20140118 (Saturday, 18 January 2014)¶
New ideas on docs/tickets/79. Moved a miscellaneous question from docs/tickets/16 into a new ticket docs/tickets/91. I plan to update the documentation before actually switching to the LGPL. The actual switching is a routine work and comes as the last and “official” step. Before this I’d like to have clear and documented interpretation.
One thing is to surf about it:
Another thing is to think about it (or to write down thoughts):
I imagine you are a Python programmer and want to write some commercial software package, and you want to use Lino as a framework. Concretely you will write Python code which imports things from Lino. That’s okay and that’s what I wanted to make possible by switching from GPL to LGPL.
The LGPL (unlike the BSD) then says that you may not make a copy of Lino itself or any part of it and turn it into proprietary software.
Let’s imagine for example that you don’t use Lino but stumble over my
The Human mixin tutorial and want to use this in a
proprietary plain Django application. You can’t do that directly
because it requires the
ChoiceList class, an integral part of
Lino. You then start to work many hours, and because you are clever,
you manage to reimplement the
ChoiceList concept without requiring Lino,
you have rewritten a new and better implementation of my
And now you want to use this in a proprietary package? I say “Sorry, but you will need to prove that you did not copy any part of Lino. And that’s rather utopic because of course (every Python programmer can confirm it) you have been looking at my source code, and of course you have been copying parts of it.” You may hide your deed by changing variable names, reorganizing or obfuscating your code and so on, but I (or rather some of my successors, because I personally don’t imagine that I would waste my time with this kind of activity) might discover your product and suspect you of the above and try to prove that you did so. So don’t do that if you are a professional. Don’t copy LPGL licensed code into your proprietary product.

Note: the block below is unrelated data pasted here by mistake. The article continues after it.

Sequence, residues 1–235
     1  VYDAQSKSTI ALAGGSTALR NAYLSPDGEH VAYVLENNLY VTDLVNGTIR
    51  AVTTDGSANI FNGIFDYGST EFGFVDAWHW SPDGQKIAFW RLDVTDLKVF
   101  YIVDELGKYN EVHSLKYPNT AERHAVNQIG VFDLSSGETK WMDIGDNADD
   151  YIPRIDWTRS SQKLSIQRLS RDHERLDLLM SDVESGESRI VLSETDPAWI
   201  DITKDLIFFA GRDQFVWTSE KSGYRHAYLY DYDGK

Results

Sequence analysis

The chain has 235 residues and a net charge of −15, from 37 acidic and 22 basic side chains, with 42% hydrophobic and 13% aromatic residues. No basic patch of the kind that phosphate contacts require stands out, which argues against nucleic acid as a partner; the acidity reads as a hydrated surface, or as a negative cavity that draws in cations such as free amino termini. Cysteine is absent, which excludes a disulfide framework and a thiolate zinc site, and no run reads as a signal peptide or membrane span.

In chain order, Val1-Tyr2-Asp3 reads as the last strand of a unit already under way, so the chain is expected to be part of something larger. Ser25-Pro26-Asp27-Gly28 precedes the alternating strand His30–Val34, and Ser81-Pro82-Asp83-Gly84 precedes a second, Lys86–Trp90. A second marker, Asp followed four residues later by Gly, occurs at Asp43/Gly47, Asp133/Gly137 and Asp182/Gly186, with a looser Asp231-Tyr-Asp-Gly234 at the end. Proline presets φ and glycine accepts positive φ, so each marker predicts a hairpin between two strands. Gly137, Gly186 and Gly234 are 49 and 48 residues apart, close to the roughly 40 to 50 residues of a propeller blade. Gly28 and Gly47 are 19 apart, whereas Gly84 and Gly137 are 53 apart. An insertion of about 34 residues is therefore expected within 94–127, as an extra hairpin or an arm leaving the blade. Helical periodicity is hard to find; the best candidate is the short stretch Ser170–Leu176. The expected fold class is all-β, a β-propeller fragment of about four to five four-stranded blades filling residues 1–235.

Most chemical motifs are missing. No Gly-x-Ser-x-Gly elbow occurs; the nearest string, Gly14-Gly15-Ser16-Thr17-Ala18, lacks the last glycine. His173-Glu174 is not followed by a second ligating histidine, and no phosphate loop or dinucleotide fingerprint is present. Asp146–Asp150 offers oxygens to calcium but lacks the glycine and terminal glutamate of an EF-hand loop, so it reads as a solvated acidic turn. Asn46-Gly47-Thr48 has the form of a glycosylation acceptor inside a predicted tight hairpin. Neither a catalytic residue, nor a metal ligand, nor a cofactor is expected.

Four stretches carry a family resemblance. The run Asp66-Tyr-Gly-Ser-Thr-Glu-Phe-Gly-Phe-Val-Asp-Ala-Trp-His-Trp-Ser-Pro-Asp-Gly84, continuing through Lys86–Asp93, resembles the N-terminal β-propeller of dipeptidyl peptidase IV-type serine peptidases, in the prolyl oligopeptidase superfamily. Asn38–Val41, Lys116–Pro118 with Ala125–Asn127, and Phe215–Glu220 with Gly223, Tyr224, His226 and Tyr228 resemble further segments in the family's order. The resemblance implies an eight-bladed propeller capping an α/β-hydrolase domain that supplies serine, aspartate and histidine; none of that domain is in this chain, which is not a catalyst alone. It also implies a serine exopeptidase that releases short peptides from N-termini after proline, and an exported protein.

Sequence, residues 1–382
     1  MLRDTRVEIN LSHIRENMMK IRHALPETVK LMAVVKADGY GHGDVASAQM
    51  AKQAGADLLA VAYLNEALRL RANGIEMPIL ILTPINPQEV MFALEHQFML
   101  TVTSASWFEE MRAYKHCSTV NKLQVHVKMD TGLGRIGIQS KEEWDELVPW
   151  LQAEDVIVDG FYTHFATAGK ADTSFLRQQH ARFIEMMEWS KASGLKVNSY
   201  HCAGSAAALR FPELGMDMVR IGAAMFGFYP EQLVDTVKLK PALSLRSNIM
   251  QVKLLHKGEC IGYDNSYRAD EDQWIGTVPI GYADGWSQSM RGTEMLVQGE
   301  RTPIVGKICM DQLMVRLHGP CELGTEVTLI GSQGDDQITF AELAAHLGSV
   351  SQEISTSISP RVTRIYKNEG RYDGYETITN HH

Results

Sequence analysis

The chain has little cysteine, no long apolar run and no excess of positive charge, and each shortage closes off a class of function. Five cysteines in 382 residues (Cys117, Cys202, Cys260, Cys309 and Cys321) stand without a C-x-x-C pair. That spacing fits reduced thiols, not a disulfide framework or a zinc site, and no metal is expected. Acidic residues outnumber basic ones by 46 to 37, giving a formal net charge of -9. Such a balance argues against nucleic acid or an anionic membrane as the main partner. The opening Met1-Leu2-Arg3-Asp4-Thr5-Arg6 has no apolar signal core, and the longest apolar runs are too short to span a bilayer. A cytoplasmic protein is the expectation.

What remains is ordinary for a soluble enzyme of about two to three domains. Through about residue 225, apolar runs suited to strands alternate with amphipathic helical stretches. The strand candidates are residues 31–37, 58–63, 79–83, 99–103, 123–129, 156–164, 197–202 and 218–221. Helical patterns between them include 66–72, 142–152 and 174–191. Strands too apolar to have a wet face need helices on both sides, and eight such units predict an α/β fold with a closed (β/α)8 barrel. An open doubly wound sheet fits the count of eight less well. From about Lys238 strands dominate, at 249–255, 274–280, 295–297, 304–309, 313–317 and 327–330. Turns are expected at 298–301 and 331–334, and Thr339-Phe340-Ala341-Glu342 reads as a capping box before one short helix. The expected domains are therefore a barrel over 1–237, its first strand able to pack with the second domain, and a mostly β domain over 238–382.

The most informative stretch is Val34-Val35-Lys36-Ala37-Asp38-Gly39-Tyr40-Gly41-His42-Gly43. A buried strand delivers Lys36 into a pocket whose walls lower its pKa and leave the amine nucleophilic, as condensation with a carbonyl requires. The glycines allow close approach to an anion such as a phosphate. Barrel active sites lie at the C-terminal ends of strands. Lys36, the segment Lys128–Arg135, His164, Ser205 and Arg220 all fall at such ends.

But where is the limit between these two usages? Aren’t the example files and tutorials a part of Lino, too?
That’s why example files don’t have an LGPL copyright header. The lack of a copyright header indicates that that you may copy it and base even non-free work on it.
But for example the Writing Python fixtures tutorial invites me to have a look at and get inspired by certain fixture files, and these files do have a copyright header.
In general one can say: as long as your proprietary application uses Lino, there’s no danger. The dangerous thing is to not use Lino but to offer some proprietary product which looks suspiciously similar to Lino.
First logos for Lino¶
Ta-daa! Ly finally took a few hours and crystallized our thoughts about a logo for Lino (docs/tickets/94) into something visible. Here a series of four working drafts:
The logo represents a tree, but also reminds a diagram with linked objects.
Lino applications live, they grow slowly, they are long-term investments into a sustainable system.
Comments are welcome.
My current favourite is b (that’s why it is already visible in the sidebar).